2022-09-22
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When President Biden followed through with his promise to cancel $10,000 to $20,000 per borrower in student loan debt for qualified households, the Christian response was to refer to biblical references from the Old Testament from concepts like jubilee to the stories of Jesus in the New Testament.

Shortly after the announcement, queries for debt-related topics increased 20 times above average on BibleGateway.com. Four verses for and against loan forgiveness surged to the top of the search. The first verse was Exodus 22:25, which reads, “If you lend money to one of my people among you who is needy, do not treat it like a business deal; charge no interest.” The following verse was Deuteronomy 23:19, which reads, “Do not charge a fellow Israelite interest, whether on money or food or anything else that may earn interest.” The third verse was Psalm 37:21, which states, “The wicked borrow and do not repay, but the righteous give generously.” Finally, the fourth highest searched verse was Ecclesiastes 5:5, which reads, “It is better not to make a vow than to make one and not fulfill it.”

Hunts for phrases and keywords like “paying debt,” “charging interest,” “forgiveness of debt,” “debt paid in full,” “usury,” “and “paying your debts” increased. Three Christian thinkers shared their thoughts on scriptural principles and how they inform our positions on government debt forgiveness.

Love as Jesus loves us.

Matt Tebe, an Anglican priest from Indianapolis and cofounder of Gravity Leadership, believes that the existence of Christians is based on debt forgiveness. Christ loved us so much that He died for our sins and wanted us to love each other similarly. To love as Jesus does is to share in the interchange of God’s debt-canceling kingdom economy.

Jesus tells us to pray that our debts are forgiven as we forgive people indebted to us in Luke 11:4 and Matthew 6:12, referring to what we owe each other socially and economically. Our secular, modern vision often separates the material from the spiritual. Still, the economic and social elements in God’s kingdom are spiritual.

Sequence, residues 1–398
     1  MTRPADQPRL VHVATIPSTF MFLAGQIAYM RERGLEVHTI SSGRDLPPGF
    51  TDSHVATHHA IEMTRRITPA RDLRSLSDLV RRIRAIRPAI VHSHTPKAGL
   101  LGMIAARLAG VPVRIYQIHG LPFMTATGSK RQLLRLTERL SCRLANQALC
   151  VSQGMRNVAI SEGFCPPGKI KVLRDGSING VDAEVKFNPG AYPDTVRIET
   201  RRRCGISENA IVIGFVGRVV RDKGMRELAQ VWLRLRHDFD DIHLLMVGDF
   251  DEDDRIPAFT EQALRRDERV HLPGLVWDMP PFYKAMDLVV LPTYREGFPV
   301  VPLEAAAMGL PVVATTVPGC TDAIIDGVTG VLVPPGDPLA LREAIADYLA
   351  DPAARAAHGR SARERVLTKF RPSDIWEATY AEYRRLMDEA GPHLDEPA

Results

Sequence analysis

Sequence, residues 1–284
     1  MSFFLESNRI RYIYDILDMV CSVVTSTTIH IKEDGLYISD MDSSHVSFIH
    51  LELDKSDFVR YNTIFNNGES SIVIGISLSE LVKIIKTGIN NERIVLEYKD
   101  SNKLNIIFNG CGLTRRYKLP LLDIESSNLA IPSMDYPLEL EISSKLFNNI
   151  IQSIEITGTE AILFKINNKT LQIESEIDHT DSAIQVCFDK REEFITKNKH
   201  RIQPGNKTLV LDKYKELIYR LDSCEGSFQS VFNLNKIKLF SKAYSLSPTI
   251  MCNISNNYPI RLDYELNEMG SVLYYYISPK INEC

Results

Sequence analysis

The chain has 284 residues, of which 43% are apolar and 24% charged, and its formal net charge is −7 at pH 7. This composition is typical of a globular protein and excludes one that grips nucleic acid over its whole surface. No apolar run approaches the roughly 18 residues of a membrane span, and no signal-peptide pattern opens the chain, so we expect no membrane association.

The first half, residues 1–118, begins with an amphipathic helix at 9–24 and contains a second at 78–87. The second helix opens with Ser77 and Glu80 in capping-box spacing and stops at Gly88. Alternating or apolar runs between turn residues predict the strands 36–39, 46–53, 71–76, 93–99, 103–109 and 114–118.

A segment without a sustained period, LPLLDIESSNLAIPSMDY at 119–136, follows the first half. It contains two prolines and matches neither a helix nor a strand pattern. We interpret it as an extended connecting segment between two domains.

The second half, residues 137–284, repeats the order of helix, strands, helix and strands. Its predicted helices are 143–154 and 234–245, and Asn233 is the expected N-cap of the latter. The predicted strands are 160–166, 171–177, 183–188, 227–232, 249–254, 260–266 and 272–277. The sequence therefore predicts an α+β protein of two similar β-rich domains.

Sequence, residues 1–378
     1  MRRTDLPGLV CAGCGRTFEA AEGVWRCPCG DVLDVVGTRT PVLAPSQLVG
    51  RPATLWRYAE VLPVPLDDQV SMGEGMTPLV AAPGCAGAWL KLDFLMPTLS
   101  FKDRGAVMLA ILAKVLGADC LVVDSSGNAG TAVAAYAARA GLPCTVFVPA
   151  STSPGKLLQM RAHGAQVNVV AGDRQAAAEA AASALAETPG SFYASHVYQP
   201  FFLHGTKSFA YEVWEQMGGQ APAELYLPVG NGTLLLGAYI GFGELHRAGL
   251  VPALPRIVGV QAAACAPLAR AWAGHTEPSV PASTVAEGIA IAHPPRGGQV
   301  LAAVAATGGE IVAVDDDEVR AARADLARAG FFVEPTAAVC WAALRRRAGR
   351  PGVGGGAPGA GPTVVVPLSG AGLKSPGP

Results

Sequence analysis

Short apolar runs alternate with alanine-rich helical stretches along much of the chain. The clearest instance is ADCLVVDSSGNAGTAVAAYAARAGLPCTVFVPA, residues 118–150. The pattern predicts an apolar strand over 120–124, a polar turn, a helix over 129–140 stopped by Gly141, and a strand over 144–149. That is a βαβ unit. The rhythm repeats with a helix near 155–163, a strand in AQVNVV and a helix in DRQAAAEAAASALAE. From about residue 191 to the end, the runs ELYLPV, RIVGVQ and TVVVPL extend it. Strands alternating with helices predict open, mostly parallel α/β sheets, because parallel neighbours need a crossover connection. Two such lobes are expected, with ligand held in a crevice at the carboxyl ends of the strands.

How would it look to take God’s condemnation of predatory lending and usury that creates debt seriously? To give back ancestral land and release people from debt as participating in God’s kingdom? The Bible attributes more moral depravity to the rich who unjustly take from the poor, hoarding riches, than to the poor who have debt, specifically in Mark 12:40 and Luke 6:24-26. As Christians, we should commit to forgiving debt that benefits the impoverished instead of the wealthy, loving our neighbor as Jesus loves us.

Comparing student loan forgiveness to jubilee.

Paul Matzko, a Research Fellow at the Cato Institute in Washington, D.C., believes that some will agree with President Biden’s decision and compare it to the biblical concept of jubilee. This celebration happened every 50 years and was a year of releasing people from their debts in ancient Israel. However, it’s debatable whether an ordinance that focused on land ownership within Israel to stop residents from amassing wealth, power, or land should be applied in modern America.